A 17-year-old male basketball player presents with right lateral thigh pain for the past 3 weeks. He had a collision with another player 5 weeks ago that resulted in a bruise that has since resolved. He is mildly tender over the lateral mid-thigh in the soft tissues and has a decreased knee flexion. You obtain X-rays (Figure 1). What is your suspected diagnosis? What is your initial workup in the ED? What imaging confirms the diagnosis? What is your management and disposition?
 
AP and lateral x-rays of the knee showing myositis ossificans

Figure 1: AP and lateral radiographs of the right femur

 

Myositis ossificans, which in this case is acquired from a traumatic injury. This is identified by the radiopaque mass within the muscle body on the AP and lateral views of the femur representing the calcifications (Figure 2).

AP and lateral x-rays of the knee showing myositis ossificans

Figure 2: AP and lateral radiographs of the right femur. Notice the radiopaque mass in the muscle consistent with a calcification (green arrows).

  • Pearl: Traumatic myositis ossificans occurs when damaged muscle body improperly heals leading to partial ossification of the muscle fibers. Occasionally you can feel a hard mass corresponding to the area of ossification in the soft tissues of the muscle on exam.
  • Pearl: Most commonly occurs in the brachialis, quadriceps femoris, and adductor muscles. [1]

Immediate treatment can be directed at pain control and recommendations for progressive mobility. There is no need for an emergent orthopedics consult in the emergency department.

The patient can be discharged home with instructions for using over-the-counter analgesia (acetaminophen, NSAIDs) and follow-up with either PCP, orthopedics, or sports medicine.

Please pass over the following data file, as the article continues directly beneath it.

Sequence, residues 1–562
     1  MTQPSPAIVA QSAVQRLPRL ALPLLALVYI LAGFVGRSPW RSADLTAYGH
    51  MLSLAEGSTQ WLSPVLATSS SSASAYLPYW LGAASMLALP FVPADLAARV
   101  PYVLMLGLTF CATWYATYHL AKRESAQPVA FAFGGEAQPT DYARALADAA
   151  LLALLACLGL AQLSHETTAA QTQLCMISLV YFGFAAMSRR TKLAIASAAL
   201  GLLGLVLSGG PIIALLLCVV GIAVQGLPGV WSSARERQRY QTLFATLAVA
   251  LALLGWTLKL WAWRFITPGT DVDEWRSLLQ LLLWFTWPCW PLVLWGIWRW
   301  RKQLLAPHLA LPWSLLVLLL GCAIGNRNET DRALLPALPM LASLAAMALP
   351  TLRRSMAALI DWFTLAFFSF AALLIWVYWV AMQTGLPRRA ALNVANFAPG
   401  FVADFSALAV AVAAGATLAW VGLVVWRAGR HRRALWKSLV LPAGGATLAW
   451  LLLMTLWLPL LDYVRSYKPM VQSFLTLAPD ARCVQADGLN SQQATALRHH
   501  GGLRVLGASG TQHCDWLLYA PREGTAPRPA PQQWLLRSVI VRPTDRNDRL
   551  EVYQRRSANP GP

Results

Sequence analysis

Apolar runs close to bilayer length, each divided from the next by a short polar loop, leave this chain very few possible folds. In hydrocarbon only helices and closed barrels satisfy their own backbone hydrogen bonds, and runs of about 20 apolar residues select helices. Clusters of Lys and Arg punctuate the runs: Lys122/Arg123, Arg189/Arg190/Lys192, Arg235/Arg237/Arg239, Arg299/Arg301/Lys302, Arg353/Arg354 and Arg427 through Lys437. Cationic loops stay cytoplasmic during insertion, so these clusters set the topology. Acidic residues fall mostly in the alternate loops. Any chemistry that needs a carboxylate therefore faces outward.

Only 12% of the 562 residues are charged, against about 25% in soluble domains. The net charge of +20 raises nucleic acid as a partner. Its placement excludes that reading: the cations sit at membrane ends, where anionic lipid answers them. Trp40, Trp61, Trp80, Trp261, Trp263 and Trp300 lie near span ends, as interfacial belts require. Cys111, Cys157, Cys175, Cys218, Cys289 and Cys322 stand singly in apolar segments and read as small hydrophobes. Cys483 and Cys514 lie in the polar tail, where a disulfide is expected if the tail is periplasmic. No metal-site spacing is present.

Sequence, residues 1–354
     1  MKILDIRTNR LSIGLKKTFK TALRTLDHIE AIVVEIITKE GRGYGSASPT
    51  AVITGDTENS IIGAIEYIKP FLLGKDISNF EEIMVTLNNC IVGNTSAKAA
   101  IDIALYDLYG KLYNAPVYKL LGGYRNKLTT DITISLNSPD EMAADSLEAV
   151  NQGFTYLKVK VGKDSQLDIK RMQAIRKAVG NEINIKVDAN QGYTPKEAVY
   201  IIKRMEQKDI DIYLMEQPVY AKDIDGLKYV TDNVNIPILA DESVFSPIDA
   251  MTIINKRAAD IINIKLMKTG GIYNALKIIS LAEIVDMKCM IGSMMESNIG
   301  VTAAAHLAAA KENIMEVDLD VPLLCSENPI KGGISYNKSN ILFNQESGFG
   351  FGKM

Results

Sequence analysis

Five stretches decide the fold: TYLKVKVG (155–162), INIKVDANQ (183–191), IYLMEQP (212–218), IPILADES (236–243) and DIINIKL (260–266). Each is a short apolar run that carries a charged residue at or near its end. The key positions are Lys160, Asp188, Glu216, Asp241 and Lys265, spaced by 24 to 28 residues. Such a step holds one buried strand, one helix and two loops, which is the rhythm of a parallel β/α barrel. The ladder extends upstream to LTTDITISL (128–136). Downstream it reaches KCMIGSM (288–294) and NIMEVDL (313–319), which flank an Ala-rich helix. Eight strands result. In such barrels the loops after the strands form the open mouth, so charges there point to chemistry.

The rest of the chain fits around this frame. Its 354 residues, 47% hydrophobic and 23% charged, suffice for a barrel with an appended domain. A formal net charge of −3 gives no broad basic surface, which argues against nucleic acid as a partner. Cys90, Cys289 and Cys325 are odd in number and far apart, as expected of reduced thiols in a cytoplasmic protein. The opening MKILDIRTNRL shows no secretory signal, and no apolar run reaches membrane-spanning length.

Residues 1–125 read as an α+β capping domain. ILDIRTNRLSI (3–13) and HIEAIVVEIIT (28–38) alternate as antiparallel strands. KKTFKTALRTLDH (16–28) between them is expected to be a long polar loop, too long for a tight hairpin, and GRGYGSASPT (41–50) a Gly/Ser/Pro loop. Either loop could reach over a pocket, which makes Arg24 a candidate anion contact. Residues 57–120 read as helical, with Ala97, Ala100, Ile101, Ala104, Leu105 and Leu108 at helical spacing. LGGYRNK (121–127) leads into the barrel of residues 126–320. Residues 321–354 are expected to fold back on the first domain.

• Pearl: Physical therapy with passive stretching and range of motion exercises are the mainstay of treatment [1].

The prognosis is generally favorable with most patients recovering with conservative therapy. A small minority will need surgery. This patient will likely return to light activity within 3 months and pre-injury level at around 6 months. [2]

Check out ALiEM’s Paucis Verbis cards to brush up on other can’t miss orthopedic injuries, and SplintER Series or EMrad for more cases. For further reading about myositis ossificans check out WikiSM.

References

  1. Devilbiss, Zachary DO1; Hess, Matthew MD1; Ho, Garry W.K. MD, FACSM, FAAFP, RMSK, CIC2 Myositis Ossificans in Sport: A Review, Current Sports Medicine Reports: September 2018 – Volume 17 – Issue 9 – p 290-295 doi: 10.1249/JSR.0000000000000515 PMID: 30204632
  2. Simon T, Guillodo Y, Madouas G, Saraux A. Myositis ossificans traumatica (circumscripta) and return to sport: a retrospective series of 19 cases. Joint Bone Spine. 2016; 83:416Y20. PMID: 26934992
  3. Ngai A. Post-traumatic myositis ossificans. In: Roger B, Guermazi A, Skaf A, editors. Muscle Injuries in Sport Athletes. Sports and Traumatology. Springer. New York (NY): 2017.
R. Conner Dixon, MD

R. Conner Dixon, MD

Clinical Instructor
Sports Medicine Fellow
Department of Emergency Medicine
Georgetown University/Medstar Washington Hospital Center
R. Conner Dixon, MD

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Alexander J. Tomesch, MD

Alexander J. Tomesch, MD

Primary Care Sports Medicine Fellow
Department of Orthopedic and Sports Medicine
University of Arizona - Tucson
Alexander J. Tomesch, MD

@DocTomesch

Emergency Medicine/Sports Medicine physician, Husband, Father, Sports Enthusiast, Craft Beer Lover. Views are my own.
Alexander J. Tomesch, MD

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